Monday, May 23, 2016
Hemp seeds arrive in Wood County
By Paul LaPann
VIENNA - The seeds being planted in Wood County may someday reap a harvest of economic opportunities.
The state Department of Agriculture recently delivered hemp seeds for industrial use to Jim Leach, who will plant them on his property in Vienna along the Ohio River. Dave Hawkins, owner of Mother Earth Foods in Parkersburg, is scheduled to receive hemp seeds from the state in the near future to plant on a half acre of his property in Wood County.
Leach and Hawkins are among the members of the West Virginia Hemp Farmers Cooperative who have been approved by the state to plant hemp seeds in a research project, said J. Morgan Leach, Jim's son and executive director of the farmers cooperative.
The hemp seed planting moved forward this year after Gov. Earl Ray Tomblin vetoed a bill that would have prevented individuals from growing industrial hemp for research projects.
It took two years to create the rules governing the hemp-growing project, state officials said. Applicants must pass background checks before being licensed to participate in the state project.
The industrial hemp can be used as food, fiber and supplements, said Chris Ferro, chief of staff for West Virginia Department of Agriculture Commissioner Walt Helmick. Other uses of industrial hemp are for clothing and as a building material.
J. Morgan Leach said hemp can be used to make paper, fabrics, rope, cosmetics and plastics.
"Hemp canvas covered the wagons that settled America, and was named the next billion dollar crop by Popular Science Magazine in 1938 before it was officially outlawed," J. Morgan Leach said.
Jim Leach, an attorney, is interested in the manufacturing prospects for hemp.
"We have significant unused industrial/warehousing capacity and infrastructure that is available for use for the production of hemp products," he said. Leach has a 30-by-90 foot plot for growing three varieties of hemp seeds.
Hawkins said his main interest is in the medicinal aspects of hemp. Studies have shown the effectiveness in using the oils from certain hemp seeds to treat pain and other maladies, he said.
But first research must be conducted on the West Virginia hemp project.
The state Department of Agriculture will test the hemp grown here to ensure the levels of THC (tetrahydrocannabinol, the primary intoxicant in marijuana) in the crop are below the federally mandated 0.3 percent.
The state Department of Agriculture will work with law enforcement officials to let them know where the legally grown hemp is located, Ferro said. The hemp looks like marijuana but doesn't have the same THC component, he said.
The West Virginia research project has received six varieties of hemp seeds from Italy and Canada, J. Morgan Leach said. The trial will determine which varieties perform best with the state's climate and soil, he said.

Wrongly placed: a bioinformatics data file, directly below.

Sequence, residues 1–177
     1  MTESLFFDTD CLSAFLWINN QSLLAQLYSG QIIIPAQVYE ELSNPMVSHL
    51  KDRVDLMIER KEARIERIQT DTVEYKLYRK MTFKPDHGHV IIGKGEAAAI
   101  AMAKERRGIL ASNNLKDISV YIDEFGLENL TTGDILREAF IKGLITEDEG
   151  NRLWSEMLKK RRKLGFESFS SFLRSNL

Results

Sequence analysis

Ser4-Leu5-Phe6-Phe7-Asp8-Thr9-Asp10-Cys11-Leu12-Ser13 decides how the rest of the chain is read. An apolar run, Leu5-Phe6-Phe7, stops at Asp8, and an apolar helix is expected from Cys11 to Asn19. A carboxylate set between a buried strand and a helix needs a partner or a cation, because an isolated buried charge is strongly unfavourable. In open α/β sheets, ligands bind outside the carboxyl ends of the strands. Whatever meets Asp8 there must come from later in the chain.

West Virginia's laws for hemp development have been on the books since 2002, but regulatory rules were not written until last year after the Federal Farm Bill authorized research cultivation across the country, said J. Morgan Leach, a recent graduate of West Virginia University College of Law.
J. Morgan Leach said his goal through the farmers cooperative is education, training and getting a supply chain of hemp up and running.
Ferro and J. Morgan Leach have visited with Department of Agriculture officials in Kentucky where hemp growing is "taking off," Leach said.
This is believed to be the first time hemp has been planted legally in West Virginia since World War II.
"This is a pretty cool idea," said Hawkins, saying hemp production is an interesting project for West Virginia as a commodity crop to help the state's economy.
J. Morgan Leach said veterans and former coal miners could become involved in hemp production.
Although the hemp focus is now on the research side, the Department of Agriculture wants to assist in future market and product development and the plant being used for remediation of the land, Ferro said.
Ferro said the department hopes the project develops into hemp processing plants opening in West Virginia.
West Virginia could capitalize on a global shortage of hemp and the absence of a seed source in the United States, Ferro said.
In cooperation with the West Virginia Hemp Farmers Cooperative efforts, West Virginia University is conducting hemp research studies on an organic farm and in a greenhouse, J. Morgan Leach said.
To follow the progress of the West Virginia Hemp Farmers Cooperative visit wordpress.wvhfc.org or go to the farmers cooperative on Facebook.